* Spanish yields rise after Rajoy bailout comments
* Risk aversion drives Bunds more than a point higher
* German auction uncovered; Italy sale seen going well
By Marius Zaharia and Ana Nicolaci da Costa
LONDON, Sept 26 (Reuters) - Spanish government bond yields broke above 6 percent and safe-haven German Bunds rallied on Wednesday as markets put pressure on Madrid to ask for a bailout and secure central bank support for its debt.
Spain’s Prime Minister Mariano Rajoy said he was ready to seek a rescue package but only if debt financing costs remain too high for too long.
His apparent hesitation to request a bailout, a move that has seen prime ministers elsewhere in Europe lose their jobs, coincides with anti-austerity protests bursting in Madrid.
“It was a bit short-sighted from Rajoy to say that. It’s almost like inviting markets to push interest rates higher,” said Norbert Wuthe, rate strategist at Bayerische Landesbank.
“I guess it’s a matter of a few days or weeks until they get into a situation where they are forced to make a move.”
Spanish 10-year government bond yields were last 28 basis points higher at 6.06 percent. Two-year yields rose 25 bps to 3.48 percent.
A joint declaration by Germany, the Netherlands and Finland on Tuesday that appeared to unravel much of what was agreed at the last European summit in June has also done some damage on peripheral bond markets.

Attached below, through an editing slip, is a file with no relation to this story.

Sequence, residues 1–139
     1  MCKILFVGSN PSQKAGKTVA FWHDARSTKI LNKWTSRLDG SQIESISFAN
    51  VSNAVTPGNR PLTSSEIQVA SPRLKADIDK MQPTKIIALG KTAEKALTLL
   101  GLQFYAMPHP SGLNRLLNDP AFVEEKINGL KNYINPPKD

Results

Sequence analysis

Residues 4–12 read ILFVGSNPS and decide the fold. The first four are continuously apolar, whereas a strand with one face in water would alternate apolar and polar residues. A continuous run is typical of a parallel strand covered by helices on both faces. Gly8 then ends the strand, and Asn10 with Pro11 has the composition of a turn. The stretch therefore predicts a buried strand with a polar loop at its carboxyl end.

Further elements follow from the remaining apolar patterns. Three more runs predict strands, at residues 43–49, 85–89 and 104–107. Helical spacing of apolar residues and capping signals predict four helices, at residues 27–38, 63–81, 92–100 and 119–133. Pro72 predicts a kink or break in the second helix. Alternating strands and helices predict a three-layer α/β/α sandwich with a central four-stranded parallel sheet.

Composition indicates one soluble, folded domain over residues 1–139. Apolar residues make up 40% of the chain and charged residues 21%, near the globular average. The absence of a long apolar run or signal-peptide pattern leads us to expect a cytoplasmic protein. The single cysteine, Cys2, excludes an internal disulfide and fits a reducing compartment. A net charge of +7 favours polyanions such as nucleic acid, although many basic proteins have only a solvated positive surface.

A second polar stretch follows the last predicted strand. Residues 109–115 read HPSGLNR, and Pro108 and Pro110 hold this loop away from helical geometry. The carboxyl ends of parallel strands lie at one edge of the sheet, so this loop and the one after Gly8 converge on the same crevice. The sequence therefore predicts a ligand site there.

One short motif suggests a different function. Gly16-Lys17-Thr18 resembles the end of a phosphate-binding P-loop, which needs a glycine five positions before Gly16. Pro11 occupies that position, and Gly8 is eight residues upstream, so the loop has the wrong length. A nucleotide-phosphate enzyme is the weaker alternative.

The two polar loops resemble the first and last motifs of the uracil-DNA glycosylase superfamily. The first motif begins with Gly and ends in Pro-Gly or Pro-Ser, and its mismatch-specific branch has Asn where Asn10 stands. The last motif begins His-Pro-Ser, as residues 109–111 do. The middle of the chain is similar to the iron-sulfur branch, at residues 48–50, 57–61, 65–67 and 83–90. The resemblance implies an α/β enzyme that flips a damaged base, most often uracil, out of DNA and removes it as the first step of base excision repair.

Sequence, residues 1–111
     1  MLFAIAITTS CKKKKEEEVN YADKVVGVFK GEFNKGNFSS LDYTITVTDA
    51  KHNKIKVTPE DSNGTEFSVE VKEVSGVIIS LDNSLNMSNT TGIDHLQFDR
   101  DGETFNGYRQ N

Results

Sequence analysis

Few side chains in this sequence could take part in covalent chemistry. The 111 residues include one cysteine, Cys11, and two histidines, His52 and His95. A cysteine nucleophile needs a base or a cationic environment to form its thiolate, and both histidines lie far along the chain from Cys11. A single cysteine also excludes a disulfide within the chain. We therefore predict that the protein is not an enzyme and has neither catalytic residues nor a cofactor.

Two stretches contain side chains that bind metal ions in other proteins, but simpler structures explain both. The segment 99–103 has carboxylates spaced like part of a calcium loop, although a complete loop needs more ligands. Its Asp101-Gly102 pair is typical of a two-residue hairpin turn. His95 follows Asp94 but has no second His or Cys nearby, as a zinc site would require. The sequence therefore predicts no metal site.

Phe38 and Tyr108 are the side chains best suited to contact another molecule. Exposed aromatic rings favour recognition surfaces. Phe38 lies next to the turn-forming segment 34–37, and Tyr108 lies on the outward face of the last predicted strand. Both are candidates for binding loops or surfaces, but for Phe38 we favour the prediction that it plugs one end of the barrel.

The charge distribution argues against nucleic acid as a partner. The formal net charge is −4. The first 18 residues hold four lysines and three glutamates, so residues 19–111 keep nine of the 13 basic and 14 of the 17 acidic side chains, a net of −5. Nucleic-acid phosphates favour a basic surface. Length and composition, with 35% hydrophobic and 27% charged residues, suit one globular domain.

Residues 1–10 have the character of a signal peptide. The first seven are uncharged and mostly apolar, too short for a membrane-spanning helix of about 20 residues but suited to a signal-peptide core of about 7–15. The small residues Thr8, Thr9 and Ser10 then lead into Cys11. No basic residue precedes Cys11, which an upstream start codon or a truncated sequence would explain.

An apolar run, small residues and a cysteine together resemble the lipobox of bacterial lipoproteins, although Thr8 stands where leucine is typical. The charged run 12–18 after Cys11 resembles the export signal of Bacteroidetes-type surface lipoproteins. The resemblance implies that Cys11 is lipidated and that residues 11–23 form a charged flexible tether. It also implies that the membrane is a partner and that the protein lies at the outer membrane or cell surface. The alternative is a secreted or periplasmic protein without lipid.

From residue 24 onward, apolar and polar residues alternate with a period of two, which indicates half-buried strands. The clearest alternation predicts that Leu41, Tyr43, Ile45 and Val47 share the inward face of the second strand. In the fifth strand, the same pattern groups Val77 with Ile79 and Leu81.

The statement set out the terms under which those countries would be willing to allow the euro zone’s permanent rescue fund, the ESM, to recapitalise at-risk banks. But it referred to future banking problems, not the current ones.
Bonds issued by Spain and Ireland - both of which had interpreted the June summit as implying that a way would be found to break the debilitating link between their indebted banks and government debt - underperformed other euro zone debt.
“It’s a risk-off day but cracks (in the summit conclusions) are particularly negative for Spain and Ireland, so that’s the extra kicker,” one trader said.
The yield on Ireland’s October 2020 bond rose 17 basis points to 5.21 percent.
The risk-averse environment spurred a rally in Bunds, even after a 10-year German debt auction failed to attract enough bids to meet its 5 billion euro target.
Nick Stamenkovic, bond strategist at RIA Capital Markets, described the auction as “pretty sluggish.”
“It clearly shows investors were reluctant to bid at those yield levels,” he said. “Bund yields dropped quite sharply in the past few days.”
“Over the medium term, if the ECB measures begin to work and there is more movement towards a political union, yields could rise. But for the moment safe-haven flows dominate.”
In the secondary market, 10-year yields were 14 basis points lower at 1.45 percent, having fallen from around 1.7 percent just over a week ago. Bund futures were 151 ticks higher at 141.57.
The current mood may put an Italian bond auction on Thursday under closer scrutiny, but analysts generally expect the sale of up to 7 billion euros of five- and 10-year debt to draw adequate demand.
“While Spain and Italy are moving in the same direction, markets are differentiating between the two,” Bayerische Landesbank’s Wuthe said. “I don’t think Italy will suffer too much at the auction, it is only after Spain gets a rescue package that markets are going to focus on Italy.”
Italian 10-year yields rose 10 bps to 5.21 percent.